ISHASHA, Congo (AP) — Congo’s new M23 rebel group have opened a new front north of their current stronghold in the country’s eastern city of Rutshuru in order to protect the local population, said a rebel spokesman.
The group of about 1,000 fighters created after several officers from the Congolese army defected in April and May, has been fighting the Congo army south of its base in Rutshuru for two months. It is now spreading its control toward Lake Edward. The rebels took the small town of Nyamilima on Monday and now say they are planning to attack Ishasha, a trading post on the border with Uganda. The M23 said that they are attacking to protect the local population from other rebel groups such as the Mai Mai and the FDLR.
“The population asked us to come because they were suffering at the hand of the Mai Mai defense groups and the FDLR,” said Col. Vianney Kazarama. “If we need to go further than Nyamilima and Ishasha, we will.”
The FDLR is a Hutu armed group that was created after the 1994 Rwandan genocide when Hutu militias that took part in the killing left the country and regrouped in Congo. For the past 18 years the Hutu militia have operated in eastern Congo.
The M23, made up principally of Tutsis, is determined to battle the FDLR and Mai Mai, said spokesman Vianney Kazarama.
Although the M23 controls the town of Nyamilima, they do not completely control the road to the north, where Mai Mai defense groups and FDLR roam the area and stop cars.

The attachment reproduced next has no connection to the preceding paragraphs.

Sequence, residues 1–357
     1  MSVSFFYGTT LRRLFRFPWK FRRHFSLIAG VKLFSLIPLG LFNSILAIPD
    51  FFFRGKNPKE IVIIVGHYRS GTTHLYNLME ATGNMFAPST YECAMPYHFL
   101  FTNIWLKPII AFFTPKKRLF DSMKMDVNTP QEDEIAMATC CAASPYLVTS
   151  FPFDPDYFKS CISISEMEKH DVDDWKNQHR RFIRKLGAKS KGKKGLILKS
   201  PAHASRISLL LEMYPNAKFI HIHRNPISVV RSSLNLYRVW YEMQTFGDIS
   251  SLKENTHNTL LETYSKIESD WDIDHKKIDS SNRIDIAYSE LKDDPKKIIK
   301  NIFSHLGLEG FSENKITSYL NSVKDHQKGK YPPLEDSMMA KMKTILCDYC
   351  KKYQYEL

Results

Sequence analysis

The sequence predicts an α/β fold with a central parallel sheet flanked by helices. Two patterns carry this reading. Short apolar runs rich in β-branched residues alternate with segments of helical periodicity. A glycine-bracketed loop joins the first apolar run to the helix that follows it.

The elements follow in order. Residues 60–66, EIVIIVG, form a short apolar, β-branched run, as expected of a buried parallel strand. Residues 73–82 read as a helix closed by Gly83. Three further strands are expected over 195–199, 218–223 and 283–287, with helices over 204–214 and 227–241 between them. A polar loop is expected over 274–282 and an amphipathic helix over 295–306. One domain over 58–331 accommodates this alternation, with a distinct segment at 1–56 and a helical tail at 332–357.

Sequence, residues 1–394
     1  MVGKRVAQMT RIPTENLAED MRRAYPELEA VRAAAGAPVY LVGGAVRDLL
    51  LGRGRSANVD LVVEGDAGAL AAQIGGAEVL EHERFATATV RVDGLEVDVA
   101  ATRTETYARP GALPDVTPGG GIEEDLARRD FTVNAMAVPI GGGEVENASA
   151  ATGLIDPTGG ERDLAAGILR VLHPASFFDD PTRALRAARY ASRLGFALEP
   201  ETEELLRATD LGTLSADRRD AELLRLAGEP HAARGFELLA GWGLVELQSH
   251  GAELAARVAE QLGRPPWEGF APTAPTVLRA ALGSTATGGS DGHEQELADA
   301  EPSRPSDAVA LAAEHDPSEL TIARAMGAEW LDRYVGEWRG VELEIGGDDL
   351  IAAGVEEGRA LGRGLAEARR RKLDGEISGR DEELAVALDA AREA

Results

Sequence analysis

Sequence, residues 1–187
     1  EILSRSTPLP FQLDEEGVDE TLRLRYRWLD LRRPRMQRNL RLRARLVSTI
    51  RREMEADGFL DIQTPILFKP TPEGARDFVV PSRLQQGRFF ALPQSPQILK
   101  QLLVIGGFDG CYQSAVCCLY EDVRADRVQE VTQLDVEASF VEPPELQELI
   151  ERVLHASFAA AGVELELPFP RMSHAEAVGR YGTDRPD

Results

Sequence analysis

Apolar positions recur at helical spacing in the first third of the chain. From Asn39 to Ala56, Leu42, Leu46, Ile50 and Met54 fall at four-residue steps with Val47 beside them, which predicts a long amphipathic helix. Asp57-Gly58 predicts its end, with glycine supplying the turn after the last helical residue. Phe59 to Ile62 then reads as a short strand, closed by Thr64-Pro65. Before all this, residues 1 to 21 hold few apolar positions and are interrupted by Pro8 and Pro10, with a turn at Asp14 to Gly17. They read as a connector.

Kazarama said the M23 is also trying to forge an alliance with several of the Mai Mai defense groups to bring “discipline” to the combatants and to fight the FDLR and the government together. But Mai Mai groups are reluctant to ally with an armed group they perceive as foreign because of its ties with Rwanda. In June, the United Nations group of experts on Congo released a report accusing Rwanda of supporting the M23. The government has denied any support.
Ishasha residents have been living under different armed groups for two years, since the Congolese army left the area.
“Sometimes the FDLR control, sometimes it is the Mai Mai,” said 20-year-old Janine Rensaro.
Now, the population in Ishasha has begun to flee across the border to Uganda with fears of fighting between the M23 and the local Mai Mai groups.
“For a week there have been a lot of troubles. We had to flee because we fear atrocities will be committed if the M23 comes,” said Rensaro.